Howard Herman | Designated Hitter: Outrage over sign-stealing scandal proves baseball remains national pastime
Baseball has taken center stage in sports this week. It hasn't been a good week for baseball, but that demonstrated why, while football may be an obsession, baseball is still our national pastime.
If you are a sports fan, you know about the sign-stealing scandal that cost Houston Astros general manager Jeff Luhnow, manager A.J. Hinch, Red Sox manager Alex Cora and New York Mets manager Carlos Beltran their jobs. It also cost the Astros money and the loss of top draft picks for 2020 and 2021.
The investigation into electronic sign stealing is far from over and could end up hurting the Red Sox, or other teams, in a similar fashion to what happened to the Astros.
So much of what we have heard this week from commentators and on social media is that the players, managers and teams have not been punished enough. The Los Angeles City Council, in a nice bit of grandstanding, may consider a resolution asking Major League Baseball to give the Dodgers World Series championships after taking them away from Houston (2017) and Boston (2018), two teams that are in the middle of the maelstrom.
What is truly fascinating is the reaction to what happened, and not what actually happened.
Ryan Cameron is a Williamstown native, a former Mount Greylock and UMass baseball standout, and a former pro. He was drafted in the 11th round of the 1998 MLB First Year Draft by the Colorado Rockies. Cameron made it to Class AAA with the Rockies, the Red Sox and the Phillies. He now works for General Electric in the Albany area and is probably the second-biggest Springsteen fan I know.
But he took to Facebook, and eloquently wrote about this scandal.
"It has irked me every time I hear folks talk about Houston's antics or PED's in a dismissive way. It cost guys careers. It cost cities championships. It created an unbalanced playing field. I'm not saying I was a sure shot MLB'er by any means, but I was damn close," he wrote, "and for the rest of my life, I have to sit and ponder what would have been for me if my teammates weren't cheating. There are a lot of guys in my same shoes as a result of this Astros scandal."
The loss of jobs, talk of forfeiting championships or games is so baseball. When things like this happen in football, it is all about when do the players return or similar discussions.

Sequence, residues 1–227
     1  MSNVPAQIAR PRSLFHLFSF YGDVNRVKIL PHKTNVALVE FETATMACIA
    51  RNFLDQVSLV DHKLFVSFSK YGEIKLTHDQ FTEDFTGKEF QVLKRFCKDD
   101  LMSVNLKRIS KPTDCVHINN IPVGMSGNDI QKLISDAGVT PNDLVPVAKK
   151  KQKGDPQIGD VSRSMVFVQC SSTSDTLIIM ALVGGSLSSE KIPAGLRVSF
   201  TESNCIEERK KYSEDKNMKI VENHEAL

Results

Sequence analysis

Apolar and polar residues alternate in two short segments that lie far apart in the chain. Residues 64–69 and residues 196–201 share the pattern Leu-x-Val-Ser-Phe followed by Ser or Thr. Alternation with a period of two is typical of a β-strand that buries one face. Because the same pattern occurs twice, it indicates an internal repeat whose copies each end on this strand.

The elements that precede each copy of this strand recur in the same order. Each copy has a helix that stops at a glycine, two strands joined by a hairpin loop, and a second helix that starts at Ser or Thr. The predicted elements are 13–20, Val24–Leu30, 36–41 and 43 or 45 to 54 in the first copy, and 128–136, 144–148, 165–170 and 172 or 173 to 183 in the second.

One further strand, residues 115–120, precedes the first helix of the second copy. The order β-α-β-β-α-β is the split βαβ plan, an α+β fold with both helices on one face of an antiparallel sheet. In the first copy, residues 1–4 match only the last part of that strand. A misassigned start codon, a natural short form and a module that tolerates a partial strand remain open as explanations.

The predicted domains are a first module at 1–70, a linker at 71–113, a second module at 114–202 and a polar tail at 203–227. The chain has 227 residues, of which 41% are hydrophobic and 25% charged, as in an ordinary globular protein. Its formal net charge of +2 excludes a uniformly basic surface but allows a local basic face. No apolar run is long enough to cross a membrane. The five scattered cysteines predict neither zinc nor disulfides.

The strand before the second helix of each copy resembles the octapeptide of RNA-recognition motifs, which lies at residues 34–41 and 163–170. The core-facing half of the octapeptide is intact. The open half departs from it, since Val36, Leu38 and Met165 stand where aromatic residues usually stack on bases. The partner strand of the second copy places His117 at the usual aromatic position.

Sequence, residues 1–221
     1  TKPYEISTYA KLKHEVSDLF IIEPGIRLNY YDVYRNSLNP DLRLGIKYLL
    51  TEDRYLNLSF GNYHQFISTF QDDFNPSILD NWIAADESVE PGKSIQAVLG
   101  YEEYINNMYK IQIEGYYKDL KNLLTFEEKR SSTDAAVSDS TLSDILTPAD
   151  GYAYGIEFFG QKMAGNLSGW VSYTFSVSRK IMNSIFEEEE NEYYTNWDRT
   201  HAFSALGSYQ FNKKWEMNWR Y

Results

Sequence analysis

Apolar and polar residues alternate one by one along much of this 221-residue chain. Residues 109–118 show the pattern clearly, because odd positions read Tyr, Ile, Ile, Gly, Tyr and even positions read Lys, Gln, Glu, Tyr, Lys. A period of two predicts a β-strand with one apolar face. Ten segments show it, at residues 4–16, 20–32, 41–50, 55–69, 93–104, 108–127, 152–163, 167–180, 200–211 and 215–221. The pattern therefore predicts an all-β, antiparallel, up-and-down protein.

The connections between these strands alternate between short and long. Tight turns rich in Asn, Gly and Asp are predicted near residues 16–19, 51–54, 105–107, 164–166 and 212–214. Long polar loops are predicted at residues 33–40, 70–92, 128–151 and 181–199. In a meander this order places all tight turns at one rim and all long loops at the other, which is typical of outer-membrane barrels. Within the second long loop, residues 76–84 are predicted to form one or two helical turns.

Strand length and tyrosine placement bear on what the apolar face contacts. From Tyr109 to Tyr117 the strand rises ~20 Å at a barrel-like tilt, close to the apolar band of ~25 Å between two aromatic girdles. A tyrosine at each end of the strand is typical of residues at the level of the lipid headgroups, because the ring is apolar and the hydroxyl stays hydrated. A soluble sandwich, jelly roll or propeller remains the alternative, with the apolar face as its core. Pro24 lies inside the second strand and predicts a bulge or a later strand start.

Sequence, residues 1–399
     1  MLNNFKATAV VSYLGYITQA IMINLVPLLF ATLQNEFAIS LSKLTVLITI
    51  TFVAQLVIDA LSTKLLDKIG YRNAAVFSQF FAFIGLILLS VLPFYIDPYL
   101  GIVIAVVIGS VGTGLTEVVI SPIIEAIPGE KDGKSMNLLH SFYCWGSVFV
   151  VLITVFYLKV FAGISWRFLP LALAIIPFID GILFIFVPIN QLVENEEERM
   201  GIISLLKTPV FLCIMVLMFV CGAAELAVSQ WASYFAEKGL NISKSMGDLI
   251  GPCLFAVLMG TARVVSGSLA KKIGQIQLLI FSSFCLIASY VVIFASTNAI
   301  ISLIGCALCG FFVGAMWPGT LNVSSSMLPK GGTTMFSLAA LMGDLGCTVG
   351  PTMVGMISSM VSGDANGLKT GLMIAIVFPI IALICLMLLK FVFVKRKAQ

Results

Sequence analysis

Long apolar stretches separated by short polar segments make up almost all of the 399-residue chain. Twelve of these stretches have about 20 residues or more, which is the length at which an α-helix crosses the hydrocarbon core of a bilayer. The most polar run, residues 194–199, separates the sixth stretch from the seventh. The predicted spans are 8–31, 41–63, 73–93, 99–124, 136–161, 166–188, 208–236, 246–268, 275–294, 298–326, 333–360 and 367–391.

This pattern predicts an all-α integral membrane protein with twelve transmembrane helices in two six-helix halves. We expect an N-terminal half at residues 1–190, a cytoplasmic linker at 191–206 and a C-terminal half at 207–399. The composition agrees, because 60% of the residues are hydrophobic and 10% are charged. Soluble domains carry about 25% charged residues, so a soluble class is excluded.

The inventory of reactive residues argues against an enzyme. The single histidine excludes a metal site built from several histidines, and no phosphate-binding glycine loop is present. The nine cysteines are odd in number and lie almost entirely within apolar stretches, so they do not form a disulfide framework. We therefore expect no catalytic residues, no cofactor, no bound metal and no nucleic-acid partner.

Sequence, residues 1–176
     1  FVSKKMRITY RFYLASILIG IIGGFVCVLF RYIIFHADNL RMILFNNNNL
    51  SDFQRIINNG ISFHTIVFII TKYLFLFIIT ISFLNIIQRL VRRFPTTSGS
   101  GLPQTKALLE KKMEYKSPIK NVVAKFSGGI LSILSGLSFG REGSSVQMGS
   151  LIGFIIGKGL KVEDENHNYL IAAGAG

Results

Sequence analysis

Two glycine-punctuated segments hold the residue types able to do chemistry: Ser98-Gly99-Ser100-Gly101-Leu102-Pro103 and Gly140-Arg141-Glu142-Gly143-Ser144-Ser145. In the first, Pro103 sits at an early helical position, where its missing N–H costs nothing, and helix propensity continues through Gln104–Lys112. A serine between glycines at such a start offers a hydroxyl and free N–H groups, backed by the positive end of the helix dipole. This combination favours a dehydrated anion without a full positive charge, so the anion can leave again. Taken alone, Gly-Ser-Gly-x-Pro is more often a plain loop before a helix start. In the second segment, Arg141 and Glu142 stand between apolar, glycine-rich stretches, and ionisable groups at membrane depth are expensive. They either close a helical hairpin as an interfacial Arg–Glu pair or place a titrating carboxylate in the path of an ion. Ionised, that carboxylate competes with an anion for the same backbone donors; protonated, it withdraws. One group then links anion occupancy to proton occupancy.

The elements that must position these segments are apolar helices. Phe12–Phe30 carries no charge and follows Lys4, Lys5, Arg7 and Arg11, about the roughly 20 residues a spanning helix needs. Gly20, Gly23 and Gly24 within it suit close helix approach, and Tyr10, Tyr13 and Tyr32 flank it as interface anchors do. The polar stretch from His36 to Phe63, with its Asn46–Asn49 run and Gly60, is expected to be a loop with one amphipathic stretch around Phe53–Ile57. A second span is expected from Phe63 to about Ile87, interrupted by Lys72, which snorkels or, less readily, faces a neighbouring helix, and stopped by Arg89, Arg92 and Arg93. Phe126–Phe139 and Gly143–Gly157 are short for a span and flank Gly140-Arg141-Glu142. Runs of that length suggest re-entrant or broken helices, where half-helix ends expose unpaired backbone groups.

Take Spygate for example. The Patriots were caught twice by the NFL for videotaping defensive signals by the New York Jets coaching staff. It happened back in 2007.
Now, there were very few on social media or in the commentary class calling on Bill Belichick to be fired from his job. Some argued that he could have been suspended. And I don't remember anyone suggesting that the Patriots get tagged with losses against the Jets from the 2007 season.
When "Deflategate" and its aftermath came about, the only people who lost their jobs were the low-level employees who were involved in the act of taking air out of the footballs.
The moral compass of the NFL is far different than the one in Major League Baseball, and "Astrogate" just proves it.
Responses to the use of performance enhancing substances offers more proof.
According to an ESPN.com article from September, there were 10 players suspended at the start of the season for violating the NFL's policy on performance enhancing substances. One of them was Patriots tight end Benjamin Watson, who had taken a banned substance in the wake of his retirement, only to come out of retirement and accept his four games.
Nowhere was there any discussion that he should not have played this year. Do your suspension and get on the field.
The same goes with offensive tackle Taylor Lewan of Tennessee, arguably the best lineman for the Titans. If he had been suspended for the season, the Patriots might be playing today.
What players and teams do matters more in the big picture for baseball than for football. Pete Rose is still, correctly in my opinion, banned from baseball for betting on games. Alex Karras, who was suspended for an entire season for gambling on football, is going into the Pro Football Hall of Fame this summer.
And while the solid wall of resistance for PED users to get into Cooperstown is starting to chip away, it is likely that the wall is not ready to fall down.
This is why, although football vastly out-rates baseball on television, in fantasy sports and casinos, baseball is still our national pastime. There is no other way to explain the reaction to what has gone on.
Howard Herman can be reached at email@example.com, at @howardherman on Twitter, or 413-496-6253.
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